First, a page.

Love in a Time of Homeschooling by Laura Brodie

When I used to review books about homeschooling for Home Education Magazine, some of my favorite books were those written by homeschooling parents themselves. They all had some philosophy of learning they wanted to share — that’s why they wrote a book, after all — but what I really loved was their spirit of adventure and their openness about family life. Homeschoolers sometimes feel like they’re under more scrutiny than other parents, because they’ve chosen to buck society a bit and take on responsibility for something most people think is best left to the experts — their child’s education. So a homeschooling parent who chooses to expose their family life to public view is a brave parent indeed.

Laura Brodie took on this double adventure with her daughter Julia, first, by homeschooling Julia for a year, then by writing about it. The result is Love in a Time of Homeschooling. You can read more about the book and the Brodies in this article in the Washington Post. I read a pre-publication version of Love and had no hesitation in recommending it to my homeschooling friends, not because I thought they would agree with every word of it, but because I thought Brodie’s book was a valuable addition to the on-going conversation about education and homeschooling in the US. The book speaks to an important part of the homeschooling community — parents who choose to homeschool for a year or a few years or for a certain season of their family’s life together, and then return to some kind of institutional schooling.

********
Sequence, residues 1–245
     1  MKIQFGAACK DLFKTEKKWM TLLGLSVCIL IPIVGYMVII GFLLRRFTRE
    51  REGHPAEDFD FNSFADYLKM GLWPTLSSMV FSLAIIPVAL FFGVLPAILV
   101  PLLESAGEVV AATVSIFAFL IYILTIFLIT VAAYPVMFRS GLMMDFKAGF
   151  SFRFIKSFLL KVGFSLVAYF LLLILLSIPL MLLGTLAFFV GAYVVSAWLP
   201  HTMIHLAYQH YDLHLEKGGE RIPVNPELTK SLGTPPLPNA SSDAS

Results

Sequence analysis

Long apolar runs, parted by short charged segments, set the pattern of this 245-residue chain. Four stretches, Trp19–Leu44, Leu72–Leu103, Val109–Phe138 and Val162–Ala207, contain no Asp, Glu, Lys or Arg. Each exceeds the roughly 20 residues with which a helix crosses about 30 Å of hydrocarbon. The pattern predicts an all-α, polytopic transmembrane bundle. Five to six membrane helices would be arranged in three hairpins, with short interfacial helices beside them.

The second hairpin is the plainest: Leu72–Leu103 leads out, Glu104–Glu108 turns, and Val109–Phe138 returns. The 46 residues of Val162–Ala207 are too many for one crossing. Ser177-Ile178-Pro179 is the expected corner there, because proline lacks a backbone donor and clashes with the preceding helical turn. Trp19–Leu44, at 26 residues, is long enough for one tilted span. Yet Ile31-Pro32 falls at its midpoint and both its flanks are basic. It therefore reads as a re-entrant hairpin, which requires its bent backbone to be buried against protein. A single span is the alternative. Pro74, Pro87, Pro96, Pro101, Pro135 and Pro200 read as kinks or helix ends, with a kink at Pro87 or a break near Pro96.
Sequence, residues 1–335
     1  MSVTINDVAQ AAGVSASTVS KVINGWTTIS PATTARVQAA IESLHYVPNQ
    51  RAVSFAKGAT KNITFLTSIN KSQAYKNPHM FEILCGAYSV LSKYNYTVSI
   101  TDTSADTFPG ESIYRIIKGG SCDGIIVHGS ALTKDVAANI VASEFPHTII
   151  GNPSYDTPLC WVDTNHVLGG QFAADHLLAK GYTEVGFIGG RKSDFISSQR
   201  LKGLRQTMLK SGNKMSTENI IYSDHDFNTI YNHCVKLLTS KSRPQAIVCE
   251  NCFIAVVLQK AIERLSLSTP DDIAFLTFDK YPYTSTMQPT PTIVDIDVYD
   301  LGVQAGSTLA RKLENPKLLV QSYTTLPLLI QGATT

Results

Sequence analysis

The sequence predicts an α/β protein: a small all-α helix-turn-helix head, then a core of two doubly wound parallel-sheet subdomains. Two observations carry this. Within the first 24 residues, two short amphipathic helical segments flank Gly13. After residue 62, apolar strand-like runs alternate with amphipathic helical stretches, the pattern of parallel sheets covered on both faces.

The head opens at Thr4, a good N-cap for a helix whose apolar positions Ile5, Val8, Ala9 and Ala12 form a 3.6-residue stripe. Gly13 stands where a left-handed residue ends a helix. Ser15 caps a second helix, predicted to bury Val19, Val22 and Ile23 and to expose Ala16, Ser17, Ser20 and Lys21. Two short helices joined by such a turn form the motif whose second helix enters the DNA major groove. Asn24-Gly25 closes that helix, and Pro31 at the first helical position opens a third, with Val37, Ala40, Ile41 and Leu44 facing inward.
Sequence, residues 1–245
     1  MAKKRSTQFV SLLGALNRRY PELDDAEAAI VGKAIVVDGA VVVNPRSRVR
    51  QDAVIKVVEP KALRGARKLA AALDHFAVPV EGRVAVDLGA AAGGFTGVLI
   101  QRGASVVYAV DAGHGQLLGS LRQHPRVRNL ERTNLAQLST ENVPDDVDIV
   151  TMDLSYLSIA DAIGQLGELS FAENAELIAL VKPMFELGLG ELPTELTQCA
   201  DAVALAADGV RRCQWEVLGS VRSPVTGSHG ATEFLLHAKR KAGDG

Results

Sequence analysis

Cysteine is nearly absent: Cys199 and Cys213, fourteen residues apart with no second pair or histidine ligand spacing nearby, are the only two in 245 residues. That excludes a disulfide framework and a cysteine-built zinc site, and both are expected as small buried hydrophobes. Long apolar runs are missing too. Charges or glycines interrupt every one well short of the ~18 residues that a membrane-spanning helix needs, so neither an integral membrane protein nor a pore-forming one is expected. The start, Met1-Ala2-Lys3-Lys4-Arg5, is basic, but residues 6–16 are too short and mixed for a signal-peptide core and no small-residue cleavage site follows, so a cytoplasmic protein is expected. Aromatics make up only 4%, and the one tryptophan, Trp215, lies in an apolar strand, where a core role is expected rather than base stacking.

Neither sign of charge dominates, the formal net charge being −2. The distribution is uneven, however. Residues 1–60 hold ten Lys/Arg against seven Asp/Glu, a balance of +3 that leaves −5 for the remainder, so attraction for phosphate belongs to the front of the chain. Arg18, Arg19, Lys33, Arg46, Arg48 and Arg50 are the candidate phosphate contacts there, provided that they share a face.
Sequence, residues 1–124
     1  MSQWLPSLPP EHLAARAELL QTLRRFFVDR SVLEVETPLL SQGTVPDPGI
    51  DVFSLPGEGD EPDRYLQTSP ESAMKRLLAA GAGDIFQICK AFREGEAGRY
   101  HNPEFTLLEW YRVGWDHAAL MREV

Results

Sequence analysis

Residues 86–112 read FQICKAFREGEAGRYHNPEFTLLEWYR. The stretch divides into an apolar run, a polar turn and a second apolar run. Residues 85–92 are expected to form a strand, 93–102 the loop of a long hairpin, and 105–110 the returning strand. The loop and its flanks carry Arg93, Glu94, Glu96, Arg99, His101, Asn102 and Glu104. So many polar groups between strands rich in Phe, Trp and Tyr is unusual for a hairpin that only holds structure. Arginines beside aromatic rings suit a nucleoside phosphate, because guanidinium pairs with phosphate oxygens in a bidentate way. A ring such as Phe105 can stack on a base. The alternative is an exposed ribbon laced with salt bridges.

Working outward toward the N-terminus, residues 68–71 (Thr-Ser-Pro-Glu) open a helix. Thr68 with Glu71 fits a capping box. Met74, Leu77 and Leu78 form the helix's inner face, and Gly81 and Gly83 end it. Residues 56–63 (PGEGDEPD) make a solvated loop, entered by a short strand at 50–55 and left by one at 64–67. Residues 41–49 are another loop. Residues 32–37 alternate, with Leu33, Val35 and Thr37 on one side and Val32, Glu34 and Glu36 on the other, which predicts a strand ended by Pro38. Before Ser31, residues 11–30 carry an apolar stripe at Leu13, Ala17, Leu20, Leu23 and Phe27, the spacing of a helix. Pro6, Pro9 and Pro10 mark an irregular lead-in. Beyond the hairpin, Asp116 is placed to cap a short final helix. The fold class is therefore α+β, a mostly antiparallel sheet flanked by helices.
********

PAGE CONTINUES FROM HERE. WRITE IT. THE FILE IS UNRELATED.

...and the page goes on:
I homeschooled my children for about six years, then they returned to private school. I have many happy memories of those times, and many regrets as well, but in the end I have come to realize that no one method or approach is ideal. There are some homeschoolers who reproduce school at home, with curricula, textbooks, even “school rooms” and school desks. There are others who practice unschooling, in which there are few or no formal lessons, the family follows its interests, and learning is just what you do every day in the course of living. Taking a child out of school for a year with the intention of returning her to school means you can’t try everything, and you are under some pressure to keep up with the local school’s curriculum, but while reading Love I often felt sad that Julia couldn’t experience a little bit more freedom to learn on her own. She’s clearly a bright and creative young woman, and at times, when Brodie is explaining how she worked math lessons into a trip to the coffee shop, or rehearsed language lessons during a car ride, I wanted to tell her that every moment doesn’t have to be a scripted learning opportunity. Learning is always happening, even if you’re not seeing it or hearing it or measuring it.

The title of the book, though, is not “Learning in a Time of Homeschooling.” Love is the first word of the title, and it shines through the book. No family comes away from homeschooling unchanged. Brodie ends the book with a thought toward homeschooling another of her daughters, “beginning from day one with more patience, more humor, and more openness to outrageous fun.” And what could be better than that?

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